BOSTON (Reuters) – An upcoming United Nations climate summit will give world leaders a chance to push for standardized measures of areas like corporate carbon emissions, the head of the largest U.S. pension fund said on Monday.
Marcie Frost, chief executive of the California Public Employees’ Retirement System, said she is optimistic leaders at the event known as “COP26” will take an important step in slowing global warming by helping investors decide which companies to buy or sell.
“When institutional funds like Calpers are making allocation decisions on this data, we believe that will be a bit of an inflection point,” said Frost, speaking in an interview at the Reuters Impact conference.
With $469 billion under management as of June 30 Calpers has been influential in driving the adoption of standards to measure corporations’ so-called ESG impact on environmental, social and governance topics.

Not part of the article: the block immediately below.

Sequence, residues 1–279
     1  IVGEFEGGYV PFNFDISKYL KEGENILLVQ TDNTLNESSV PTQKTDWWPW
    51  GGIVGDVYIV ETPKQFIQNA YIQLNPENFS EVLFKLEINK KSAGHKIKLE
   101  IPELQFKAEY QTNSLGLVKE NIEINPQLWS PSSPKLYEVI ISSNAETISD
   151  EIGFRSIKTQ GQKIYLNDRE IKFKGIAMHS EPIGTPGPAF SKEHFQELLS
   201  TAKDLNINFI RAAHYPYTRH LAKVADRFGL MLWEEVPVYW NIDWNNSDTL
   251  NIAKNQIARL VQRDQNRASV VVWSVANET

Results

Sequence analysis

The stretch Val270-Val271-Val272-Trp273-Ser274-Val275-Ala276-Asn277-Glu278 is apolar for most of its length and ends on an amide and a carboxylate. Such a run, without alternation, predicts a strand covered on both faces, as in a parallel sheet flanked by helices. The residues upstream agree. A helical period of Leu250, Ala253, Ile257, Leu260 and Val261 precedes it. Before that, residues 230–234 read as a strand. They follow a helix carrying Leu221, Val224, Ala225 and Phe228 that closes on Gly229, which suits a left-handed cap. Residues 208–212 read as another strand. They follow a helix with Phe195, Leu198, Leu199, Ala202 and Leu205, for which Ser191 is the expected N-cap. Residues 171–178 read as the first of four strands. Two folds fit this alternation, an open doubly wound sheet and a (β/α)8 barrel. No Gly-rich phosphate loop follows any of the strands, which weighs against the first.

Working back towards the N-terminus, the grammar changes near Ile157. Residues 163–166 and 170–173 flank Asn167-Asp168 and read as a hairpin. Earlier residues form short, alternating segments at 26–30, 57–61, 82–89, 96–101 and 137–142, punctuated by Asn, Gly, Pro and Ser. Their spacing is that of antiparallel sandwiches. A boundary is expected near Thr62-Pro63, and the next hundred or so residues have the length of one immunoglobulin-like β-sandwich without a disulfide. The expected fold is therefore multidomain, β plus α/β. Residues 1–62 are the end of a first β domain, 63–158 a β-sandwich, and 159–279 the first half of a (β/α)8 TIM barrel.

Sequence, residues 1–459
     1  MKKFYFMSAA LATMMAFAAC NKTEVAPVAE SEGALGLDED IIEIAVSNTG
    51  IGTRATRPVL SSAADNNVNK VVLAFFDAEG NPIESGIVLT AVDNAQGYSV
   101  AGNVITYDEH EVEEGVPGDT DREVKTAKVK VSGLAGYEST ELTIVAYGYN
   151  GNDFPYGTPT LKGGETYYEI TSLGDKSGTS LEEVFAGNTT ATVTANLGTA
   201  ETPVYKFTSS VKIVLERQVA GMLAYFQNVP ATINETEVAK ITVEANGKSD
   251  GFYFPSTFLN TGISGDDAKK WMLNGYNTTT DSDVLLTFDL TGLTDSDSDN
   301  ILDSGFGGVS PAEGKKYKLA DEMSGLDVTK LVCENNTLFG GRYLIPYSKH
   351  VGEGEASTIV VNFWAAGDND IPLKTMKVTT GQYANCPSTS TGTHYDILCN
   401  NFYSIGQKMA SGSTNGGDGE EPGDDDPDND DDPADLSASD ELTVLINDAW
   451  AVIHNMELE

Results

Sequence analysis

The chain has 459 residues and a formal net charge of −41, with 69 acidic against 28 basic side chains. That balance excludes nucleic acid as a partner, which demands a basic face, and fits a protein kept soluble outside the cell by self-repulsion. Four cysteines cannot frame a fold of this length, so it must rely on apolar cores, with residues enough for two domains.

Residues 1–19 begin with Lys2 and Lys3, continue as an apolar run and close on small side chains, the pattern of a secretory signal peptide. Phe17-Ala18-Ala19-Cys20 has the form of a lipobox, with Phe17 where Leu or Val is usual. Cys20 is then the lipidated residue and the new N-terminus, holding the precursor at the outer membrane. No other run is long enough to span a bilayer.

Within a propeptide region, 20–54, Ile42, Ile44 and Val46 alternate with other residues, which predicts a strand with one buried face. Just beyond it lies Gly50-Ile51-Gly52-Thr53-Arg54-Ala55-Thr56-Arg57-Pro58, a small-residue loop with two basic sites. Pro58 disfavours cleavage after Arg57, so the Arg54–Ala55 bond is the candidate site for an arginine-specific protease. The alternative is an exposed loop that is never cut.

Currently investors are faced with a wide variety of ESG ratings systems from private companies to measure areas ranging from their greenhouse gas reduction targets to the diversity of their workforces. Corporations have space to offer statements that sound ambitious but don’t stand up to scrutiny, Frost said.
In some instances, “You ask three probing questions and it all rather dissolves,” she said.
Frost said it could still be a year or two before the U.S. Securities and Exchange Commission delivers official standards for how companies might report audited information.
Other helpful steps would be if governments removed fossil fuel subsidies and adopted carbon pricing systems, Frost said.
Some pension funds in other Democratic-led states have moved to divest from fossil fuels. Resisting such calls, Calpers instead has embraced a strategy of pressing for changes from within.
Frost noted Calpers’ role in the Climate Action 100+, an investor network created to pressure companies. It also backed the activist campaign that led to the election of new directors at ExxonMobil Corp this year.
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(Reporting by Ross Kerber in Boston, Editing by Nick Zieminski)